“We [Australia] shut Taiwan off for a long time,” says Maddock, referring to decades of little to no diplomatic contact that began after Australia ended formal ties with Taiwan in 1972.
He adds that although migration, travel and direct flights in recent years have greatly improved levels of understanding, some gaps still remain.
Cowan aims to close these gaps by fostering communities of Taiwanese who have a strong Australian connection. The trade office recently established an Australian alumni association and held a photo competition for returned working holiday makers.
The alumni association has already created some very special connections — a newly wedded couple who first met at an alumni get-together recently gifted the Australia Office a box of customary cookies and thanked them for creating the opportunity for them to meet.
Building upon the joint lychee research project, a young farmers exchange program was launched last year with a group of Australian fruit growers coming to learn farming techniques for lychees and bananas in Taiwan. Cowan says the second round is getting under way with a Taiwanese cohort heading to Australia later this year.
“In looking south, we hope Taiwan thinks of Australia in a broader range of fields than it has before,” Cowan says.
Australia will have to work hard to have Taiwan see it as a natural partner in sectors where the two countries’ collaboration has been previously limited, especially in service sectors outside of education and tourism, such as finance or healthcare. Yet being included in the New Southbound Policy rubric may offer Australia just the chance it needs to refashion its image and give Taiwan’s government and business leaders cause to head even further south — down under.
Chen Wang-shi (陳罔市) doesn’t know where to go if she is forced to move. The 78-year-old Chen is an active “sea woman” (海女) in Taiwan’s easternmost fishing village of Makang (馬崗) in New Taipei City’s Gongliao District (貢寮). When the waves are calm, she ventures out to forage for algae, oysters and other edible marine morsels. She lives alone in the village, as her children have moved to the cities for work, returning for weekends and festivals. “I cannot get used to living in Taipei, and I feel very uncomfortable if I don’t go out to the ocean to forage. I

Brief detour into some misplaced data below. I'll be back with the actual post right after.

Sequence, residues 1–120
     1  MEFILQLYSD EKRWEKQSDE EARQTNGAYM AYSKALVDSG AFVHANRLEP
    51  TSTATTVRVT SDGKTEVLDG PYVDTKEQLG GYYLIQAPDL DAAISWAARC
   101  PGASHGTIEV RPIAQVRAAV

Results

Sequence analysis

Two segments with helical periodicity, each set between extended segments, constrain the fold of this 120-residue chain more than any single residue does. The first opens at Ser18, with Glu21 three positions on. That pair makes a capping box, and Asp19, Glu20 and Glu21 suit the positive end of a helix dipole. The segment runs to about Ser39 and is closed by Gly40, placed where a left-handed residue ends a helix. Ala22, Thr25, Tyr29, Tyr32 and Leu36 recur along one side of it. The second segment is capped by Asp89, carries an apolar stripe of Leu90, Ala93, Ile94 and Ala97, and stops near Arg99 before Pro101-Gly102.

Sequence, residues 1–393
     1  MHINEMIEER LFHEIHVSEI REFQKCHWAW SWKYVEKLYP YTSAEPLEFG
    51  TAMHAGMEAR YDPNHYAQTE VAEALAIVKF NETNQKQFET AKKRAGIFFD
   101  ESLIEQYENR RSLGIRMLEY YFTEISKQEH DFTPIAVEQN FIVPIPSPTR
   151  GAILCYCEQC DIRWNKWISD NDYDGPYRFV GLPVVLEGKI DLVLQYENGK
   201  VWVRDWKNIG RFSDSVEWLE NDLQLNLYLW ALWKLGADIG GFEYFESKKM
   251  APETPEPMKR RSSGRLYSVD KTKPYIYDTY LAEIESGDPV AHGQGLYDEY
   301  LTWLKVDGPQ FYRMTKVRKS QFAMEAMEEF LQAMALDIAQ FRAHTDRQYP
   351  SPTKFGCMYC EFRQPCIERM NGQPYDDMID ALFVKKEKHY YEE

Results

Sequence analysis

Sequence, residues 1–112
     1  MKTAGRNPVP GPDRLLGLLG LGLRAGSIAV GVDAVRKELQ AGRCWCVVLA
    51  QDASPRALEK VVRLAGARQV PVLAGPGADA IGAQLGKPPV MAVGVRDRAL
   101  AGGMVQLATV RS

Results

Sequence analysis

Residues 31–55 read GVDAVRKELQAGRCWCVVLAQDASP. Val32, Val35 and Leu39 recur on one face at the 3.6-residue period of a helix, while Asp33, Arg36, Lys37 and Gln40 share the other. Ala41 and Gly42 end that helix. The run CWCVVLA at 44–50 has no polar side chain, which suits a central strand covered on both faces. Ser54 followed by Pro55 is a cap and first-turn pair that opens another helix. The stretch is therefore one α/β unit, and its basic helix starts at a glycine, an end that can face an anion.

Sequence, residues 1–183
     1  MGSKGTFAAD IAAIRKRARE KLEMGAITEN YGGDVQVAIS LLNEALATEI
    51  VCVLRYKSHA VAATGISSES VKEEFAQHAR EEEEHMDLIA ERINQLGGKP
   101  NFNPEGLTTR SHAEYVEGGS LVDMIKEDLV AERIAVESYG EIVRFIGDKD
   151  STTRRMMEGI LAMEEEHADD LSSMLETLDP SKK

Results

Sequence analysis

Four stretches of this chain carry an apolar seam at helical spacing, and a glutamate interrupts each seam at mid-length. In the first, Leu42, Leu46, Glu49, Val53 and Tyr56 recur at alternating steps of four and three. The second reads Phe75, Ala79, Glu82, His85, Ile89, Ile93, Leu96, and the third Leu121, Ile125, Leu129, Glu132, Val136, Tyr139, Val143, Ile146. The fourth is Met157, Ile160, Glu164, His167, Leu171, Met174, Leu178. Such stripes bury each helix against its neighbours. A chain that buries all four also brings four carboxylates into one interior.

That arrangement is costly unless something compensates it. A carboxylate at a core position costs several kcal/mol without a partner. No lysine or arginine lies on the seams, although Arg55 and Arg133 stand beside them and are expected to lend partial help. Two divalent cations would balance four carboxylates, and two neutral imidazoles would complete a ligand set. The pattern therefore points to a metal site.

Aug. 10 to Aug. 16 They called him the “No Problem Doctor” (沒關係醫生) because that’s what he always told his patients when they couldn’t pay up. Operating the only clinic in Changhua County’s Pusin Township (埔心) during the 1950s, Hsu Tsai-chih (許再枝) knew that life was difficult in his remote hometown. “They barely had enough to survive, so it was pointless to chase after them for the money,” an 81-year-old Hsu told the United Daily News in 2002. “I just went with the flow, some offered to pay me back years later but I had already forgotten
A widely criticized peer-reviewed study that measured the attractiveness of women with endometriosis has been retracted from the medical journal Fertility and Sterility. The study, “Attractiveness of women with rectovaginal endometriosis: a case-control study,” was first published in 2013 and has been defended by the authors and the journal in the intervening years despite heavy criticism from doctors, other researchers and people with endometriosis for its ethical concerns and dubious justifications, with one advocate calling the study “heartbreaking” and “disgusting.” The study’s conclusion was: “Women with rectovaginal endometriosis were judged to be more attractive than those in the two control groups.
Back in the 1950s, the lifeguards of Bondi Beach, Sydney, were not only charged with rescuing surfers and scanning for sharks. In their role as “beach inspectors” they were also responsible for ensuring that swimsuits conformed to New South Wales state regulations. At least 7.6cm of fabric was required over the thigh, no navels were to be exposed and shoulder straps had to be “sturdy.” One of the best-known beach inspectors was Aubrey Laidlaw, who had already laid down the law when the first bikini debuted on the beach in 1946. By the turn of the 1960s, the “Bikini Wars” were